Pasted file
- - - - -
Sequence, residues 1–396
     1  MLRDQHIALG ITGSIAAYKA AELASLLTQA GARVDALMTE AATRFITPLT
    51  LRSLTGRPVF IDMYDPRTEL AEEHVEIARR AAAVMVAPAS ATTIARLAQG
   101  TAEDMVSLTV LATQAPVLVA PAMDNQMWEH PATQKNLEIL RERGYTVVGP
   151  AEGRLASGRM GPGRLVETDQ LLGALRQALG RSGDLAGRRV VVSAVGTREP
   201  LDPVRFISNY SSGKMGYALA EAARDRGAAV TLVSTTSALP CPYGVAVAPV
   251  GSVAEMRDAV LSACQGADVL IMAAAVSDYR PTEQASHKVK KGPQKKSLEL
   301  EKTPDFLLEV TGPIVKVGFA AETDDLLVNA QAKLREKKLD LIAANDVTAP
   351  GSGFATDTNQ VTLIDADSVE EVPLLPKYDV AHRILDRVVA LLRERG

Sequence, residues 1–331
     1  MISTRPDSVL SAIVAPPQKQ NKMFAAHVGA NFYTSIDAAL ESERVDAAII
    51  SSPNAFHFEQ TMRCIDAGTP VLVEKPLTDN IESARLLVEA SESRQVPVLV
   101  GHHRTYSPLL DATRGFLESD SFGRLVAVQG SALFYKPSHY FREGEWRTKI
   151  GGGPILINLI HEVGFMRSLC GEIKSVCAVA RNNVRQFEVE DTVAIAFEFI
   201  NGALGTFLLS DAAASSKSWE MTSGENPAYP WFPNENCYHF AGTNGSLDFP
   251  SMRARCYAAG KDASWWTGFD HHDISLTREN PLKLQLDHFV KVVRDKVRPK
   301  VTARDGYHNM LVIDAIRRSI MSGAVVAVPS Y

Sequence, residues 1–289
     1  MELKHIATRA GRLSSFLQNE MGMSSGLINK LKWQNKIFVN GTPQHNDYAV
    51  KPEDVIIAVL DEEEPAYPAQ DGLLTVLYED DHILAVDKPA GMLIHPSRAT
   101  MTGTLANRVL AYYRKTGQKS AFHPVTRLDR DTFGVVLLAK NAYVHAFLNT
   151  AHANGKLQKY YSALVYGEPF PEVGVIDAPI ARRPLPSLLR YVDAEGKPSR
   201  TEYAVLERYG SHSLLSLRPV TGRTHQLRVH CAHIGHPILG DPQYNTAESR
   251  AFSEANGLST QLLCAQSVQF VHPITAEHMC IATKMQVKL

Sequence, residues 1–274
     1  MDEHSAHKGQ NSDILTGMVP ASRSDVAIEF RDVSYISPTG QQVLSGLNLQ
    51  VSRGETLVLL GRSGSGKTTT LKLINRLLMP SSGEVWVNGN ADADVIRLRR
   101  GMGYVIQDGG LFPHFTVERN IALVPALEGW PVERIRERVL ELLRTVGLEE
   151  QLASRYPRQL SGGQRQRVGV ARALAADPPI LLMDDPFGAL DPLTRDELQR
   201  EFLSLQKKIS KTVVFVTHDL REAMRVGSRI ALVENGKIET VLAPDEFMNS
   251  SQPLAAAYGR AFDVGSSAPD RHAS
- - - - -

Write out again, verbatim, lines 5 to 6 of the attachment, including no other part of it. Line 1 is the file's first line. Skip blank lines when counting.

   151  AEGRLASGRM GPGRLVETDQ LLGALRQALG RSGDLAGRRV VVSAVGTREP
   201  LDPVRFISNY SSGKMGYALA EAARDRGAAV TLVSTTSALP CPYGVAVAPV